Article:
Body Tuning is the name I have given to what I do as a physical therapist.
Because I have been involved with music and musicians over many years it has made me realize how much physical therapy is like tuning a beautiful instrument. For instance: a piano tuner comes with his bag of tools, but before he begins to work on the piano he asks the owner of the piano what she or he hears from the instrument that does not seem quite right. Then he sets out to discover on his own what the problems are. He plays, he looks at the strings, he tests, and with his various tools he tries to make the piano sing again, thereby making the owner extremely happy.
That is exactly how my practice of ‘Body Tuning’ works. My tools are my hands.
When you come into my studio I ask you to tell me your complaints, that is, what you feel are the problems with your body…something in your muscles, skin, tendons, bones, something inside that bothers you, some pain or discomfort. Then, my job is to ask your body for the answers to what is wrong.
Usually people who come to me have talked to several health practitioners. If you are in my studio then those conversations have not solved your problems. It is my task to then ask your physical body what is wrong, and if I don’t find the answers, I’m going to look at the different tests you’ve had…your lifestyle…your behavior…your habits.
But first I want to talk directly with the problem. I look at your body. I see its appearance and how it moves. Second, I try different passive movements with your body. I try to move your skin, your connective tissue, your muscles, your bones, your ligaments, to see how the mechanics of your body work. And I listen to the noise…the sounds that the joints and muscles make. My hands feel and my ears listen and tell me what is wrong. This ability has come after many years of study and practice. Just as getting to play in Carnegie Hall involves ‘practice, practice, practice,’ so does learning how to tune the body. From simple body movements to deep manipulation it is like knowing how to play fortissimo on the piano without killing the piano. Working on the body deeply with expertise can accomplish solutions with perhaps some pain, but it is good pain. It is constructive and not destructive.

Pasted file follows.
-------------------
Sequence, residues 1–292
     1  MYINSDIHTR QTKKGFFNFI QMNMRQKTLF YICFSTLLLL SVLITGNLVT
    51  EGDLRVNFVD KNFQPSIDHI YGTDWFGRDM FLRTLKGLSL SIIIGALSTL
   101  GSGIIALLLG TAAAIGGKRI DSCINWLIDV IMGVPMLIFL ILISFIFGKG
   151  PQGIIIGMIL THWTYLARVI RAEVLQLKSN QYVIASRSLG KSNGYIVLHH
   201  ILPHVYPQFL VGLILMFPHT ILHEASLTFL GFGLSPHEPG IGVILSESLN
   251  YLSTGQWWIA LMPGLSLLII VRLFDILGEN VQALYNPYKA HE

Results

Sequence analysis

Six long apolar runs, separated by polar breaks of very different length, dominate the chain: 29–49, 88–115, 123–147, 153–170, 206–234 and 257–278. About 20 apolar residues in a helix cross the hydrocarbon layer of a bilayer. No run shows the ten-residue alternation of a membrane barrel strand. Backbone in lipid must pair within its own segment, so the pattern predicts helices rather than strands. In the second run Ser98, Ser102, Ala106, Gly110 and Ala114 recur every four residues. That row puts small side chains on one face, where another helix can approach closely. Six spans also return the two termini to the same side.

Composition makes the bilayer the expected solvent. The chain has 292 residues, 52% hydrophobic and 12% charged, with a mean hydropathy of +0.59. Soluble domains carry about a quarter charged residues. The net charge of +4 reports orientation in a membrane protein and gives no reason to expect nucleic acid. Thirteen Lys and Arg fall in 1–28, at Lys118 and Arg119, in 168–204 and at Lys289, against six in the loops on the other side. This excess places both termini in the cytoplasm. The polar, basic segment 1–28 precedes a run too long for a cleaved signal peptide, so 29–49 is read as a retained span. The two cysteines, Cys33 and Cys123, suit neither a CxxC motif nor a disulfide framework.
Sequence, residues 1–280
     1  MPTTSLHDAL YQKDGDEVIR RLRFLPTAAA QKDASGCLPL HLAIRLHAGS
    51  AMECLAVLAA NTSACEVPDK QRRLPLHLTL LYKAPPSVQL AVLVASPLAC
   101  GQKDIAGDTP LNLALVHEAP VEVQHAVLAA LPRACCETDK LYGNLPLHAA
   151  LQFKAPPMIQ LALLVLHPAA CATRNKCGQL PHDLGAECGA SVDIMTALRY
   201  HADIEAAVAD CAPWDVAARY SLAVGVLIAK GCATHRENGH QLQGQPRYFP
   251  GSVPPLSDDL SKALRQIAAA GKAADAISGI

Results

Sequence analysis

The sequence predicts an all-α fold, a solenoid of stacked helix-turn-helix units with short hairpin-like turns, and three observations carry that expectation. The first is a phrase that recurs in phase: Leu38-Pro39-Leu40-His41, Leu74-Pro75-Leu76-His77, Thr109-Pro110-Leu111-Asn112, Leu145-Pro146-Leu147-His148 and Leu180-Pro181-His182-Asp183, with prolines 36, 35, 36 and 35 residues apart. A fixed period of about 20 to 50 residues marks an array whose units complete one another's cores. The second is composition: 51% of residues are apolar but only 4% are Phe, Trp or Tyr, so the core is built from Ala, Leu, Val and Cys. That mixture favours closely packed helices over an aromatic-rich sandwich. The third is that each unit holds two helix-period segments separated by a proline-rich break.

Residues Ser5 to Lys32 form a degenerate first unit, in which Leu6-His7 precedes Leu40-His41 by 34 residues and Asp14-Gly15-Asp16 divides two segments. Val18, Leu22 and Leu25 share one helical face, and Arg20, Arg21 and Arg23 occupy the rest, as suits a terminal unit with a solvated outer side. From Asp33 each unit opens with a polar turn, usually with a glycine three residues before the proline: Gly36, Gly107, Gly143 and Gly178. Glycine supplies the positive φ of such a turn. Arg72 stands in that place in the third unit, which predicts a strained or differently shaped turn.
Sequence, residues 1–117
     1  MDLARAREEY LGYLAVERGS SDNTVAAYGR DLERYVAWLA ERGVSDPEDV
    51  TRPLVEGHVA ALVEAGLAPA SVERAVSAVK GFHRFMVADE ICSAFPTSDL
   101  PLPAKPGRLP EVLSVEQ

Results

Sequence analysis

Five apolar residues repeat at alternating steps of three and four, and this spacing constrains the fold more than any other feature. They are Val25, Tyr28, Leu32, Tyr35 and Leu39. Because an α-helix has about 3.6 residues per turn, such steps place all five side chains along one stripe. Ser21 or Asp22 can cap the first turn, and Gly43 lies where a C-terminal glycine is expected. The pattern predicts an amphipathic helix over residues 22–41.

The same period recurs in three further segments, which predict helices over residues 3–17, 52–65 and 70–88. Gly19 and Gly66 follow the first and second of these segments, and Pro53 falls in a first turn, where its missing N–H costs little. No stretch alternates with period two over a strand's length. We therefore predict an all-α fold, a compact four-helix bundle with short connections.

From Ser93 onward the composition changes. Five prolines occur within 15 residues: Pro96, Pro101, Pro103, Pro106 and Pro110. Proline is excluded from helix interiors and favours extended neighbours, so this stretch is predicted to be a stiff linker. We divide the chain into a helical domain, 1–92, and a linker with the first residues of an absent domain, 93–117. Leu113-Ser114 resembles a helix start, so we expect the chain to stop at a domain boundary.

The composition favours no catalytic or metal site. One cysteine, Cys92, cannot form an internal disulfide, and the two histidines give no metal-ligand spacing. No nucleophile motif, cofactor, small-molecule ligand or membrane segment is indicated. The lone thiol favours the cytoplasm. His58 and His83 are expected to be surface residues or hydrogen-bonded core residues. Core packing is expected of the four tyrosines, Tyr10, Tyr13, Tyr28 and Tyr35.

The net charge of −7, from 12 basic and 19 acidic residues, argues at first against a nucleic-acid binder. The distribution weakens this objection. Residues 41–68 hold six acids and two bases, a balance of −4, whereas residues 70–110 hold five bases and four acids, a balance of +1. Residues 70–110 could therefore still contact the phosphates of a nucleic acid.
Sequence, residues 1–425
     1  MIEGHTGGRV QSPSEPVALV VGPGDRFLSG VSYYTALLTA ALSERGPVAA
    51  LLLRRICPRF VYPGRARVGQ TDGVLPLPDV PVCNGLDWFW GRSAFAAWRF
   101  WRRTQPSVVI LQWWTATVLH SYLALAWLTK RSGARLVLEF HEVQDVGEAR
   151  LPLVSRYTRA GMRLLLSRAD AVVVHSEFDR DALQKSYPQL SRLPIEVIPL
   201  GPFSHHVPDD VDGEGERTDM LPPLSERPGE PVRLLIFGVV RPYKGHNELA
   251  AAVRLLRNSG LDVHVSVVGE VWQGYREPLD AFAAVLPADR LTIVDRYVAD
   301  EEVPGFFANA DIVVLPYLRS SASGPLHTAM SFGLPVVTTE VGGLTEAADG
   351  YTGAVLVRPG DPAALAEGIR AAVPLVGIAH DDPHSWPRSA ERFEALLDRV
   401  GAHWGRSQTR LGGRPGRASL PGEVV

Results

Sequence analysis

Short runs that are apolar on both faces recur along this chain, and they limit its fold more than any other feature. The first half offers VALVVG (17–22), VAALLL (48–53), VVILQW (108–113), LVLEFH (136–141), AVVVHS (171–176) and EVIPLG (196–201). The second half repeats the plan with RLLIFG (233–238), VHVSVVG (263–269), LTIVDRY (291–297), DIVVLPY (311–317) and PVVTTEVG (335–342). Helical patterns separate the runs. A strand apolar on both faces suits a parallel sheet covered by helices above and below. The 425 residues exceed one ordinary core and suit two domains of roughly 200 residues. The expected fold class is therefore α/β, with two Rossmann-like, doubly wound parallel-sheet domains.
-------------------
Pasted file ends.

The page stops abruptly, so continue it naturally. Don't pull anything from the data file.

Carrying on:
Body tuning is looking at, listening to, and helping the body restore itself and its ability to sing once again.